The risk for banks and credit unions is that the massive shift in value toward platforms is acting to diminish aspects of the financial services value chain. Much of the consumer data that banks and credit unions collect, for example, is transactional and may provide only a partial or incomplete view of the consumer. This makes it more difficult to provide ever more personalized and timely financial services. The evolution in banking should involve the understanding and relationship of a wide scope of data in the context of each consumer’s journey. That means a mortgage should not be viewed as a point-in-time transactional service but as a life event that encapsulates many other financial and lifestyle events that a bank should address.

All is not lost for traditional banking organizations, however. They have inherent advantages that can be exposed, albeit slightly differently, in a digital-first world. There is little doubt that digital banks will become mainstream—look no further than recent launches of digital-only brands by large incumbent banks in the US and the traction of challenger banks in the UK—and we expect engagement and open banking to be a major part of this shift in 2018.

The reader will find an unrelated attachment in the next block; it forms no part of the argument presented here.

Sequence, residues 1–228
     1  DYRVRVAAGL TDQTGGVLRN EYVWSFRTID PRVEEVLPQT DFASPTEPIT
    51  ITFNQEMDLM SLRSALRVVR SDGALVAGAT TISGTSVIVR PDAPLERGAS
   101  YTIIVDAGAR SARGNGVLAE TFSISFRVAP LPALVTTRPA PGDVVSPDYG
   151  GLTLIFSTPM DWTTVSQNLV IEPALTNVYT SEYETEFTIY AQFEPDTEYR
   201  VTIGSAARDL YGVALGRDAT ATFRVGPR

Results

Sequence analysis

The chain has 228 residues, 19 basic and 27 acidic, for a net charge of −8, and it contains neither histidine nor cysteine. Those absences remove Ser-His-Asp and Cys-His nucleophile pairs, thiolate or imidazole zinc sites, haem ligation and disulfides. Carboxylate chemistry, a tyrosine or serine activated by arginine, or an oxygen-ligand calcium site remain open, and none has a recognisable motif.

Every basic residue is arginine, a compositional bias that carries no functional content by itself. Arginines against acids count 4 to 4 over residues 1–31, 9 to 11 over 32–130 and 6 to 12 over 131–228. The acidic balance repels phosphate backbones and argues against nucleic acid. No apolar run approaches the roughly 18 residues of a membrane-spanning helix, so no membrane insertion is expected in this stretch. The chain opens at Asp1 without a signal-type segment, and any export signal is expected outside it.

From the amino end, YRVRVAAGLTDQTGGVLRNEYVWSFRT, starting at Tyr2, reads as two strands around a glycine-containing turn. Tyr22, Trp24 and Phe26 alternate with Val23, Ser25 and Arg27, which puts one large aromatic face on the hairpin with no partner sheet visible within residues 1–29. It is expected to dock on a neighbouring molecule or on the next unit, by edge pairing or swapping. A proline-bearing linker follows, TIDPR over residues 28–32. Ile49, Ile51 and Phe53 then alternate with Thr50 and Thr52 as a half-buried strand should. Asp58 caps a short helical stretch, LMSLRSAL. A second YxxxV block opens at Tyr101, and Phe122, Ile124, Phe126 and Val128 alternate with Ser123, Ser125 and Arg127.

A Shift from Transaction to Engagement

The traditional bank or credit unions business model relies on one-way value creation – product development, distribution, and sales and marketing – all aimed at customer acquisition. Platform-based models, however, are two-way. Customer and member acquisition is often just the starting point, and data from platform/consumer interaction and third-party participation are then used to assess and address consumer behavior and changing demand to continuously refine product development and distribution.